Sometime last year, a sphere full of Sichuan peppercorns and dried red chillis was catapulted into the local dining industry and each one of these spice pieces mushroomed into a restaurant that hawked Sichuan food. Sure, we’re diving into hyperbole, but the reality is not too far off. Brought here by the rising number of mainland Chinese immigrants, Sichuan influences spread across Singapore’s restaurants and food centres of all tiers, and have since become a popular dining option for spice fiends.
The rise of Sichuan cuisine in Singapore is not unfounded when you think about our local love for fiery flavours, nor was it ever an unfamiliar category given how mala broth was a steamboat restaurant staple. What’s curious is how, even in spite of its boom, Sichuan food has never managed to acquire an identity beyond being a fuel for gastronomic masochism.
That’s not to discount how mala wei, or the tongue-numbing spiciness one gets from the conventional mixture of dried chillis and Sichuan peppercorns, is not essential. Heat is a definitive characteristic of Sichuan food, but not the only one.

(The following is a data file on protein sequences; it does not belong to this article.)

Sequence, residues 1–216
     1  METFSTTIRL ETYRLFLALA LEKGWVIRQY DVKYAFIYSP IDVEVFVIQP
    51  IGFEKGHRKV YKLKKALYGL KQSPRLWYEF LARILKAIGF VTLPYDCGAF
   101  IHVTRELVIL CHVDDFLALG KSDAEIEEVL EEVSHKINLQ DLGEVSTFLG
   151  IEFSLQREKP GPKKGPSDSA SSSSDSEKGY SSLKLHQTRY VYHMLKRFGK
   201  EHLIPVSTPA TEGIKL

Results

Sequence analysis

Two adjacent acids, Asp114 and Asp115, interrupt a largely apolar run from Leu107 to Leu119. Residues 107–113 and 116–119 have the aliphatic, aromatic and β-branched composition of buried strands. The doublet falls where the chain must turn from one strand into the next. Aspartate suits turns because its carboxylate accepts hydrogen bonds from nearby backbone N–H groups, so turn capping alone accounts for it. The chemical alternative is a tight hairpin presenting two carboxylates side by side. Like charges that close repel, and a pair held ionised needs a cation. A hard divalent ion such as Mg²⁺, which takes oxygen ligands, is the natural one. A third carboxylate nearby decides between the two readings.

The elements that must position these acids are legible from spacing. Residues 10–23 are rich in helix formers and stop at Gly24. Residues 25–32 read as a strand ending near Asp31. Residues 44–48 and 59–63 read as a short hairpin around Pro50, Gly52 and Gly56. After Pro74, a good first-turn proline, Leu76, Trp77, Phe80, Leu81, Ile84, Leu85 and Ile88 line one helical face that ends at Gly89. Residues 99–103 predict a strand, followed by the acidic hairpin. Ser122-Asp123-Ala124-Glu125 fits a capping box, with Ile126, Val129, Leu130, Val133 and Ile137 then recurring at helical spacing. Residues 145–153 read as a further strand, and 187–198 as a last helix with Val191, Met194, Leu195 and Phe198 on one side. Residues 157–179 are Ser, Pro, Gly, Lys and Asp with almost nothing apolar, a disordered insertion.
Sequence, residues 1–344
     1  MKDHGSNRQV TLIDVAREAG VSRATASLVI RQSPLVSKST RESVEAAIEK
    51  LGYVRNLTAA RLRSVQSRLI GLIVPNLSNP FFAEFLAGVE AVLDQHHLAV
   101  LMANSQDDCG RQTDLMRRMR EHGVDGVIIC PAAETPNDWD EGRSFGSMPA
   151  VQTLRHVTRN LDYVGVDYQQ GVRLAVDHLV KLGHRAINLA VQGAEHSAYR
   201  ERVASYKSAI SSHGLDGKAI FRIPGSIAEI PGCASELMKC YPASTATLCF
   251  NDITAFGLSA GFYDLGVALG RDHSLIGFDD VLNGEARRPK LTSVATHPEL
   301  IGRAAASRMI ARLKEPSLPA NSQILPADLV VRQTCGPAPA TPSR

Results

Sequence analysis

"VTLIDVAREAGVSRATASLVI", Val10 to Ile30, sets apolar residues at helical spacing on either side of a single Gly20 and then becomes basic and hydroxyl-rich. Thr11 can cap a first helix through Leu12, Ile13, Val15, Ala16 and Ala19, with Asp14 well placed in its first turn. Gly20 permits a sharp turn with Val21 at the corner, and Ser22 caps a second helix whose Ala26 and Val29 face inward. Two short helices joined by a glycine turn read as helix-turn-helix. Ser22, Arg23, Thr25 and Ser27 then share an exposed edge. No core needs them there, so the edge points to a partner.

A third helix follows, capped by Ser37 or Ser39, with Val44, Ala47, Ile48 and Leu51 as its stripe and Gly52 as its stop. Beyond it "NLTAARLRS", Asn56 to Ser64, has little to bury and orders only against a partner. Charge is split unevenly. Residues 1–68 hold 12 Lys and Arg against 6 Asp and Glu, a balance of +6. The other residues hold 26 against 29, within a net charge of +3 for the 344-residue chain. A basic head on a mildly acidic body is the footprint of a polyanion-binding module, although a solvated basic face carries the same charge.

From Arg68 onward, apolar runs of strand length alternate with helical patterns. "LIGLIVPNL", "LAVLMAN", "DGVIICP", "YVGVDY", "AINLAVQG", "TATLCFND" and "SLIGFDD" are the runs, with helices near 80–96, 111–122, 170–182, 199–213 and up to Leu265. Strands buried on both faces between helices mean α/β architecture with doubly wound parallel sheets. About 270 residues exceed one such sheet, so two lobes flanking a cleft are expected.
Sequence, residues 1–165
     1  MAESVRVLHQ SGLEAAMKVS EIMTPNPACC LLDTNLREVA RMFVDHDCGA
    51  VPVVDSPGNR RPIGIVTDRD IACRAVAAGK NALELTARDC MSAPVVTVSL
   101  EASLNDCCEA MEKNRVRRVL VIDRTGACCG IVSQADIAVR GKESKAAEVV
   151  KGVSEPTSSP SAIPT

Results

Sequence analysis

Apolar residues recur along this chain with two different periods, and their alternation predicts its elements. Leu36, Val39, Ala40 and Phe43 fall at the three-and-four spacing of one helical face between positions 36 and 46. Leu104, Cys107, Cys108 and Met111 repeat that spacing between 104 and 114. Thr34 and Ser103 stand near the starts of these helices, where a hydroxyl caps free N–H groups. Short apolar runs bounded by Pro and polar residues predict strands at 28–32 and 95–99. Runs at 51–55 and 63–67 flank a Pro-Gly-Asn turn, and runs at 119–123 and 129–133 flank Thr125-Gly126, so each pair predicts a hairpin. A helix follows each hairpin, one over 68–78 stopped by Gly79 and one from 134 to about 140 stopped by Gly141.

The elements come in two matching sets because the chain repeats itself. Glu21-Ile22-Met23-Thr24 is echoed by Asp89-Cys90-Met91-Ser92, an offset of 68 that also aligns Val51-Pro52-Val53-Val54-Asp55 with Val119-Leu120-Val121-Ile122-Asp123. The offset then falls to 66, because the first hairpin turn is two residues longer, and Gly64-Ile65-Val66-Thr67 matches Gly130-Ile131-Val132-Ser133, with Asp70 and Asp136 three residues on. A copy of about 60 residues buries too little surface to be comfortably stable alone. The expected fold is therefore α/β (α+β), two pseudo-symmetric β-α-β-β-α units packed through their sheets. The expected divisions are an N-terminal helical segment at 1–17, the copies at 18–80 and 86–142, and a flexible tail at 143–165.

Like its regional Chinese counterparts, Sichuan cuisine is built upon a complex exercise of layering bold flavours to create harmony — not a simple feat when you consider the potent aromatics used across most of such dishes. There are six fundamental pillars that native chefs work with to create Sichuan food: sour, hot, sweet, floral, bitter and salt. Balance is achieved by tempering the piquant mala with other Sichuan ingredients such as pickled vegetables and fermented bean paste for saltiness; scallions, ginger and other aromatic roots for freshness; cinnamon and cassia root for bitterness and spice.
Good Sichuan food, traditional or modern, should be a skilful composition, with nuances that play on your palate, not an occasion to sear your mouth silly with hellfire-coloured soup and leave your stomach regretting it for days after.
We’ve sifted out some of Singapore’s best Sichuan restaurants to get you on the right track.